Most banks are seeing weaker demand for loans from both consumers and businesses, one of the forces restraining the vigor of the economic recovery.
The information, contained in a quarterly survey released by the Federal Reserve on Monday, suggests Americans don't have much of an appetite to take on new debt as they repair their finances after the worst recession since the 1930s.
The survey found that demand over the last three months slipped further for home loans geared to the most creditworthy borrowers, for home equity loans and for business loans.
In addition, most banks said they have tightened standards and terms on credit cards used by small businesses. Those standards are tighter now than before the financial crisis, the Fed said. That's serving as another restraint on the recovery.
Many small companies use credit cards to pay salaries and finance operations, while bigger companies turn to capital markets for credit. Small banks have been especially hit by soured commercial real-estate loans. That's crimped lending to small businesses.
Traditionally during economic recoveries, small businesses play a key role in job creation. But problems getting credit have made it more difficult for small businesses to get the financing to expand operations and hire. It's a point of concern for the Obama administration and the Federal Reserve.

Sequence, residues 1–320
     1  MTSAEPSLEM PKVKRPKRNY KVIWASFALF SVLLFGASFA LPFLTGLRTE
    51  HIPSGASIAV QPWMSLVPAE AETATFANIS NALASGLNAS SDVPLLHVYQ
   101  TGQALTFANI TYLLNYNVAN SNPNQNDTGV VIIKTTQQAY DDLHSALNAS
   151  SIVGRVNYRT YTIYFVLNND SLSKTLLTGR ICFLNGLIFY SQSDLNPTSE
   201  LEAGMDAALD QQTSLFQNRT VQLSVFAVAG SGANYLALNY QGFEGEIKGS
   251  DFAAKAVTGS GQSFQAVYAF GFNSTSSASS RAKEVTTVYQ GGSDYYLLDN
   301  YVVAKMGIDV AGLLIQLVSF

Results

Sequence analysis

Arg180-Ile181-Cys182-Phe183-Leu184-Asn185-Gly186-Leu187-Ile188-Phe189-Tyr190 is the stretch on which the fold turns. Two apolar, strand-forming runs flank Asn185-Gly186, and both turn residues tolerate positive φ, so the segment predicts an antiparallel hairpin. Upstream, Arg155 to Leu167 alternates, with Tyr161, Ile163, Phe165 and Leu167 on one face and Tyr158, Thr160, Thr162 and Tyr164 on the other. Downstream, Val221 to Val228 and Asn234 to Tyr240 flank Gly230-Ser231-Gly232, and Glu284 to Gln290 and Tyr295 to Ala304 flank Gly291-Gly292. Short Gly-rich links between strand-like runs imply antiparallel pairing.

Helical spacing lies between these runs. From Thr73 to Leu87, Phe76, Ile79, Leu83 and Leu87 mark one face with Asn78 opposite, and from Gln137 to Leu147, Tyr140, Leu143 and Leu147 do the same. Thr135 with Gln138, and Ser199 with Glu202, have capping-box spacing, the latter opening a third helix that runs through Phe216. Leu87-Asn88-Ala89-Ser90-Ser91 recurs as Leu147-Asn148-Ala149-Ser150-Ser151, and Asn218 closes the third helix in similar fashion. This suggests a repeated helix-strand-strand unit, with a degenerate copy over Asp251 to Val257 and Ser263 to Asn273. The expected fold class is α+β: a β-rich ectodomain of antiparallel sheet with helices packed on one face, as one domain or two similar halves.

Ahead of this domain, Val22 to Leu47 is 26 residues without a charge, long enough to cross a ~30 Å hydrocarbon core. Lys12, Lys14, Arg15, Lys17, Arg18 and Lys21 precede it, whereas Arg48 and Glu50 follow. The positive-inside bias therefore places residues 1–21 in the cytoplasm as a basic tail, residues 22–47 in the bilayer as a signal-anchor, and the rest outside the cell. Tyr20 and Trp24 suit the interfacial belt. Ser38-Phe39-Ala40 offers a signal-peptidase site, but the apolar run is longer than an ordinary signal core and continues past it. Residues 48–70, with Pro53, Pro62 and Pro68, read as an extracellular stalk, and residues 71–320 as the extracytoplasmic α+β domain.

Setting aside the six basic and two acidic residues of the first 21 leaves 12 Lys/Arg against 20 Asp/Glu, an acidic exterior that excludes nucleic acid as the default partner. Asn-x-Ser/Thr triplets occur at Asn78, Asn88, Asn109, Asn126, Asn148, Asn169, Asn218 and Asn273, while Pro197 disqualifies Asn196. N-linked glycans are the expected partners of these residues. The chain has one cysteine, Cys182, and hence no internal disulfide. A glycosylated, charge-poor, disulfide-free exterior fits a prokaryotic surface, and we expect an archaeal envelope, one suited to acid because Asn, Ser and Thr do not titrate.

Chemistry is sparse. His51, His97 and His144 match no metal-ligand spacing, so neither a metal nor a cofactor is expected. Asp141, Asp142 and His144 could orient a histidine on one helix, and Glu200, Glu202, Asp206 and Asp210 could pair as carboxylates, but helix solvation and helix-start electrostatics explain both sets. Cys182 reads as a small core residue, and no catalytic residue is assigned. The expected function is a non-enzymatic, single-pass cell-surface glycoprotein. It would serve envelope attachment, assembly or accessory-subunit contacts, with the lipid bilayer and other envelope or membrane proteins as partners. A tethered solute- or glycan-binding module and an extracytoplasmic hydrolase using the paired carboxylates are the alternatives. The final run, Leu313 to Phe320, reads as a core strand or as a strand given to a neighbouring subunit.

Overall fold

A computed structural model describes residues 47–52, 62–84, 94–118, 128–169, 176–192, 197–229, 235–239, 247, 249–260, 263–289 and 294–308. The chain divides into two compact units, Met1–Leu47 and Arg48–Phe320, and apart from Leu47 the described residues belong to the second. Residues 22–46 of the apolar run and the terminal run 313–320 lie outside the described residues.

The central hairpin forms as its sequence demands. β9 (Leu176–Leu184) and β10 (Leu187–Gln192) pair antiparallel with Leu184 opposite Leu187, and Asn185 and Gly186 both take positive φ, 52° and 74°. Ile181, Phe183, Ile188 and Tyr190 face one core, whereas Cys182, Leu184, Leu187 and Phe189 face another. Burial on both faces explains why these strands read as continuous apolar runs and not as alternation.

The Fed survey also found that most banks kept their lending standards the same over the last three months. The exception was some large banks that loosened standards on commercial and industrial loans to large and medium-sized firms.
Most banks reported essentially no change in their lending standards on home mortgages. However, standards on home equity lines of credit eased over the past three months, the first time that's happened since January 2008, the Fed said. Banks tightened lending standards on credit cards.
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